I feel like shouting out a few rounds of the Hallelujah Chorus!

Last year we arrived in Minnesota right after the first flush of spring and I missed the initial epiphany, the joyousness of the baby buds and early greenery, the ecstatic turning point of the new season. This year, I have been monitoring the lilac hedges with a passion, walking their length, willing them on, fretting like a nervous midwife at their resurgence. I’m still not certain if the syringa vulgaris blossom rebirth this season will encompass the whole vast expanse of the plantings, but I’m hoping for a show.

“When lilacs last in the door-yard bloom-ed”, wrote Walt Whitman as an elegy for the assassination of Abraham Lincoln. The lines eternally stuck in my head from my English Lit classes and I am pleased to see that the bush closest to the “dooryard” here, is the first to spring into full flower. Or almost. Soon. I just long to see the full panoply.

The second to bloom on Mt. Faith is the Purple Leaf Sand Cherry – prunus x cistena – with it’s sweet teensy white flowers and dark foliage. Thank you Marlene, for properly identifying this shrub last season.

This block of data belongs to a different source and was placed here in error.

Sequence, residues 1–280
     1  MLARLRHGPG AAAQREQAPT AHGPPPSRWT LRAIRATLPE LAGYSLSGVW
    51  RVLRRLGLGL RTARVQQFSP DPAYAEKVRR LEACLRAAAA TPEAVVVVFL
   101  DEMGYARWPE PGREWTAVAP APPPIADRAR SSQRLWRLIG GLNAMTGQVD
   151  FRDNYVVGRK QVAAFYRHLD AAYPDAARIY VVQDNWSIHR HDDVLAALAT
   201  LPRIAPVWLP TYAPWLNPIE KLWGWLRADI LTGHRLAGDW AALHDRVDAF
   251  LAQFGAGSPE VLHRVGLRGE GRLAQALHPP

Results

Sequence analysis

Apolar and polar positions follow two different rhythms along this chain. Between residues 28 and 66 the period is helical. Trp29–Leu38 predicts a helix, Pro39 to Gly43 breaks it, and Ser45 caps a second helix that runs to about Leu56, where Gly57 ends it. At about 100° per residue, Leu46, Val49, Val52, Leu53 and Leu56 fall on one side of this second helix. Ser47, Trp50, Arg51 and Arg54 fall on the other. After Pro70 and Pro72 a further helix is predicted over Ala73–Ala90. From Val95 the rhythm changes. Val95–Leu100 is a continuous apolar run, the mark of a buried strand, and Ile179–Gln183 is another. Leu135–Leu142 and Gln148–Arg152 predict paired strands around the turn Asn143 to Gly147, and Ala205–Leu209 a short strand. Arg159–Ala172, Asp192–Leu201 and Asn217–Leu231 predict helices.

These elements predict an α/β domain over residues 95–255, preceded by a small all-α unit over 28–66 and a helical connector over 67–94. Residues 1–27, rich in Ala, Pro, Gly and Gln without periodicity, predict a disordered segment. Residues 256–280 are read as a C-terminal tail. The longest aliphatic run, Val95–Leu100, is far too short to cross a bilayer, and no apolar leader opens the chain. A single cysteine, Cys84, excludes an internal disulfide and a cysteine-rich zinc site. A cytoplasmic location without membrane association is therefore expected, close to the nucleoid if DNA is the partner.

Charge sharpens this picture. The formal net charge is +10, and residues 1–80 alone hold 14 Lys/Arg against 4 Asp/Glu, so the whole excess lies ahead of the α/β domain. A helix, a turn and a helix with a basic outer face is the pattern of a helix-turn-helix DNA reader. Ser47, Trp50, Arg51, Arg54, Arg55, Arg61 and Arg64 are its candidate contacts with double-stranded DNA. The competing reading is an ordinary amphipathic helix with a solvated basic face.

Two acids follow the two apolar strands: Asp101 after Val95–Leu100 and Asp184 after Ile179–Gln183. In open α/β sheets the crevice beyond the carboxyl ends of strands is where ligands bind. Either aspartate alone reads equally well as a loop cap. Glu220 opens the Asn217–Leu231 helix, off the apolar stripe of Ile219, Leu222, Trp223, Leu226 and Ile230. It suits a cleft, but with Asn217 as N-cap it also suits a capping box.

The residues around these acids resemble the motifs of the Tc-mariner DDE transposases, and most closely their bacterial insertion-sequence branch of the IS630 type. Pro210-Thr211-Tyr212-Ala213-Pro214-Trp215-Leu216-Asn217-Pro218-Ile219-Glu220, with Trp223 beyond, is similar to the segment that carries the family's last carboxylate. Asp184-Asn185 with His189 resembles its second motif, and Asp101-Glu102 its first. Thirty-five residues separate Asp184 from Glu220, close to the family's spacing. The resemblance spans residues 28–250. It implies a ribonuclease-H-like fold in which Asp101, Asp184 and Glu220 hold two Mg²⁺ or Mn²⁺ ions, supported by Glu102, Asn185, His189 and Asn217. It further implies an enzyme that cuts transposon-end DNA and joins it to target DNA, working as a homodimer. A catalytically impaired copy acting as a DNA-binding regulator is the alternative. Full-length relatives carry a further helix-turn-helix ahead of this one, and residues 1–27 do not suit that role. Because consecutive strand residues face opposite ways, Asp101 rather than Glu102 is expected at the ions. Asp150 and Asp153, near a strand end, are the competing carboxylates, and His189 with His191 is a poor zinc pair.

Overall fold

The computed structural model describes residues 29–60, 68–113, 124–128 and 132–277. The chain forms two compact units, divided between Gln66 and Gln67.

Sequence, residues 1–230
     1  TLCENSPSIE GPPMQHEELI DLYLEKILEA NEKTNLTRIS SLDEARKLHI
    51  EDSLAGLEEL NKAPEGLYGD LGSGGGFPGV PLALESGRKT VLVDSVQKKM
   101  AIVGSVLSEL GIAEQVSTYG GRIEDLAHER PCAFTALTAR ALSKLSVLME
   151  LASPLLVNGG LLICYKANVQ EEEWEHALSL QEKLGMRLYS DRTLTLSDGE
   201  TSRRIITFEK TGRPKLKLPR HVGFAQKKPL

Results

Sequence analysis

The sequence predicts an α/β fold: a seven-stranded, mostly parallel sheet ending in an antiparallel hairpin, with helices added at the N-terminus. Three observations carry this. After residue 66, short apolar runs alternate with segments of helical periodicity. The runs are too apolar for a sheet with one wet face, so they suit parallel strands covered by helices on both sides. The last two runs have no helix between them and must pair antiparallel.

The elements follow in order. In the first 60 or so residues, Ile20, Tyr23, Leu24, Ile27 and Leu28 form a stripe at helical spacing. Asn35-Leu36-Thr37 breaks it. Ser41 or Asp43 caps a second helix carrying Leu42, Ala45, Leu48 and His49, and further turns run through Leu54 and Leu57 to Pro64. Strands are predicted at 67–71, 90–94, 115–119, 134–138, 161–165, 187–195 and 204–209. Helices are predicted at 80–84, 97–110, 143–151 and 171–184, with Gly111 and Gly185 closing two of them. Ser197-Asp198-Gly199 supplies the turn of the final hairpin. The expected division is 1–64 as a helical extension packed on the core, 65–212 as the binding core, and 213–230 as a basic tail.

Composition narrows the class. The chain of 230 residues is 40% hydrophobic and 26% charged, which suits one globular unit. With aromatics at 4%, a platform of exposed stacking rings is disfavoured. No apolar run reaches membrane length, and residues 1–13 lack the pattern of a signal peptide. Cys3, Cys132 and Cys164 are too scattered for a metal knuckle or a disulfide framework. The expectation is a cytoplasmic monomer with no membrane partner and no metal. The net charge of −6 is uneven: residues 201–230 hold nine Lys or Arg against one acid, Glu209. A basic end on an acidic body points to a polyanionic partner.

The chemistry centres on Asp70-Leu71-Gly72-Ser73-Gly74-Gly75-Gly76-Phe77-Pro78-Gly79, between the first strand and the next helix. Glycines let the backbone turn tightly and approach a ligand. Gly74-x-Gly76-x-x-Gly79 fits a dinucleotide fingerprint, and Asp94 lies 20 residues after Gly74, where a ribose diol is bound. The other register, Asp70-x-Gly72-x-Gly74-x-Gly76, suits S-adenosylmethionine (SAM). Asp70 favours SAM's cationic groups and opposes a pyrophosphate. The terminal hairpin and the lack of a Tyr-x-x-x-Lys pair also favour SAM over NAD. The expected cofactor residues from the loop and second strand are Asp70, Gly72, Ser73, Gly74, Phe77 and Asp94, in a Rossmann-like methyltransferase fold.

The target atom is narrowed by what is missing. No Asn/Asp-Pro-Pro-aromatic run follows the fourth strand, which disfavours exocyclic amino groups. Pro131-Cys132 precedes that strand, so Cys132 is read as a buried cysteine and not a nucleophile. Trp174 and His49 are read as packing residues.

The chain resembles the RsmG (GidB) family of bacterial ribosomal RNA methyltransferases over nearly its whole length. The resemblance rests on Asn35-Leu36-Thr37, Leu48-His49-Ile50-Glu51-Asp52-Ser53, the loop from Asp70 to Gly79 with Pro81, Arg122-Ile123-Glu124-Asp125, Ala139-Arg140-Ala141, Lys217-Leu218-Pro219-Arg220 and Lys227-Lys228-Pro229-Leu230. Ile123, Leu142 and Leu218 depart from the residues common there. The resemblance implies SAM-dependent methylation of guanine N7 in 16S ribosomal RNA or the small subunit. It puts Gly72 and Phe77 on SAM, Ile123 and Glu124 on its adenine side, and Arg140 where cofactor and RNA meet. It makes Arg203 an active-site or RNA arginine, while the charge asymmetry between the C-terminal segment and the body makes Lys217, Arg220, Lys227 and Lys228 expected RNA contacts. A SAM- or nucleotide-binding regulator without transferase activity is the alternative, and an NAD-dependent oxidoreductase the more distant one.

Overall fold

Just today, while skimming the pond, I came upon the Columbine  (aquilegia), poking up among the rocks. It’s one of the “Shakespearian flowers”, which is usually described as “fairy-like, in a woodland glen.” Can’t get any better than that.

Some private gardeners and a number of public botanical sites, in fact, have attempted to re-create a Shakespeare garden, using all the plants that he alludes to in his plays. I personally, love the idea. Who could not be moved, for instance, by Ophelia proclaiming – “rosemary, for remembrance.” Or by the drama of preserving for all eternity, the red rose of Lancaster and the white rose of York. I did just that, in California, spacing them on opposite sides of the garden, as was fitting.

I attended the annual Garden Days conference this year, put on by the local chapter of Minnesota Master Gardeners, at which I succumbed to the charms of lilies, Asiatic and Oriental. They are expensive, and the first one I selected turned out to be $35 for one bulb! Oops. Sorry. No thanks.

I eventually settled for 6 varieties: Patricia’s Pride, Litouwen, Centerfold, Anna Marie’s Dream, Casa Blanca, and Tiny Snowflake.  Good news. Tiny Snowflake and Anna Marie’s Dream are already emerging, like enchanted maidens, from their deep winter’s sleep.

Most spectacular, however, along the driveway – a beauty to behold. And I am calling-in-all-friends and relatives.  Susan – Barbara – Marlene – anyone – HELP! What lovely shrub is this?

Spring is lovely in Minnesota. Hallelujah!







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